Red Eye Radio

Hosted by Gary McNamara and Eric Harley, they have created a show for the trucking industry and created a great experience for their listeners. From the Red Eye Radio website: “For almost 50 years, Red Eye Radio Network has been a part of the fabric of the trucking industry by consistently providing professional drivers up-to-the-minute news, information, and entertainment. The show is motivated by one purpose — to deliver a positive, in-cab experience by helping trucker drivers/owner operators and fleet owners stay informed, engaged, and entertained on the road or wherever they are in their daily lives.”

The Lead Pedal

Bruce is a 30 year trucking industry veteran. He’s been a driver, owner-operator, and a fleet supervisor, and the podcasts all draw from those experiences. From the Lead Pedal’s website: “The Lead Pedal Podcast for Truck Drivers talks all things trucking for people in the transportation industry helping them improve their business and careers. Interviews with industry professionals and truck drivers, trucking information, and other features on the industry are meant to be helpful for truck drivers and those in transportation. The Lead Pedal Podcast for Truck Drivers has main episodes released every Tuesday and Thursday with bonus material on other days.”

Audiobooks are a great way to pass time on the road too. You can listen to an entire book over the course of a few days or weeks! We put together a great list of audiobooks for truck drivers here.

Hopefully, you’ll find something you like in these recommendations. If not, there’s a list of dozens of trucking podcasts to choose from here. Let us know what you think by dropping a link to your favorite trucking podcasts to our Facebook page.

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Edward “Eddie” Dalzell talked his way into his first truck driving job at age 19 in Massachusetts.

3 million accident-free miles and almost 50 years later, Eddie’s now retired from truck driving but still logging miles on foot as a hiker and lead CSR for Penske in San Antonio.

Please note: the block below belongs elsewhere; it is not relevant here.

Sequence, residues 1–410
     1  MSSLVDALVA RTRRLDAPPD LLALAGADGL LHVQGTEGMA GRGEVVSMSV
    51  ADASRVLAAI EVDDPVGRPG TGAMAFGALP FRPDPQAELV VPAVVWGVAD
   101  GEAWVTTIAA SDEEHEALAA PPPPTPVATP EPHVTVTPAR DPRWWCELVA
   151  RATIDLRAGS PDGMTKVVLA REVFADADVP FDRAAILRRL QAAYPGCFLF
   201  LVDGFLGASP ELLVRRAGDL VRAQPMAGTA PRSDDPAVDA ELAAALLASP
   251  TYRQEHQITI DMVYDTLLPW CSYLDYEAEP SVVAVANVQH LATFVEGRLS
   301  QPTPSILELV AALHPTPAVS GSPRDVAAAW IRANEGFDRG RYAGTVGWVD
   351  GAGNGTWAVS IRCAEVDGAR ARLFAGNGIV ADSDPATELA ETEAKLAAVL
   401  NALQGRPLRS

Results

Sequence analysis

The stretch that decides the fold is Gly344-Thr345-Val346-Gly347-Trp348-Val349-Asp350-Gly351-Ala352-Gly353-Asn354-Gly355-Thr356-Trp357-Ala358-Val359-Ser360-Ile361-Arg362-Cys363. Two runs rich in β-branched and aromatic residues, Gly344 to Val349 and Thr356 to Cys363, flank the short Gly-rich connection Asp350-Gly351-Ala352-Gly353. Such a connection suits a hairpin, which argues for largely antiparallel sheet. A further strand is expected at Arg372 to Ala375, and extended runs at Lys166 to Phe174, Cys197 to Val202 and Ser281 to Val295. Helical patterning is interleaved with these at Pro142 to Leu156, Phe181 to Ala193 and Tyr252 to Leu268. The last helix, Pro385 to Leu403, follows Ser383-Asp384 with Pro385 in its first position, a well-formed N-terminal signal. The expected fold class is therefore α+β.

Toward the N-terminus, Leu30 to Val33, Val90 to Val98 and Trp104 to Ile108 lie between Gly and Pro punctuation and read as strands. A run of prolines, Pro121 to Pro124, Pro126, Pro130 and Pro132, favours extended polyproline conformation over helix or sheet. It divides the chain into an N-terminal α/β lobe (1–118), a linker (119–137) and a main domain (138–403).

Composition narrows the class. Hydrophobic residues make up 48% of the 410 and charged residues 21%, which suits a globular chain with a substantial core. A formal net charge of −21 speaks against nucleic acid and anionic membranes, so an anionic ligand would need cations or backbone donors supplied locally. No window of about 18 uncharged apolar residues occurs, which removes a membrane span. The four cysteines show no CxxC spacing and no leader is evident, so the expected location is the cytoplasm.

truck driver

As he tells the story, he got his first truck driving job through good old-fashioned persistence. And telling a little bit of a lie.

“The company I was working for went out of business. There were no other jobs around. The car I had ran out of gas, I had no money. So, I walked 3 miles down the road to a place that was supposedly hiring truck drivers. I had no clue how to drive a truck. I kept going back day after day until they finally hired me!”

From there, he had a friend teach him how to drive a truck.

Once he got his start with that first job in Massachusetts, Eddie moved south after a few years. There he got his first job as a tanker truck driver. He spent the next few decades with various jobs between Texas and Louisiana, driving tankers between refineries and operating other heavy equipment. He mentions that some of those were dangerous jobs, and that thankfully he got lucky a few times.

Living and working near the Gulf of Mexico, he saw his share of hurricanes and severe weather.

The memory of those storms still stand out to Eddie. “Dodging hurricanes, wasn’t fun. Everyone else was leaving, but we’d be heading into the storms with the plywood to help. Last hurricane I drove 27 hours straight because of all the road closures to get around it. Had to get right back up in 5 hours to go back into it.”

When asked about his time as a truck driver at Dupre Logistics, he said that they were big on safety, and provided great training.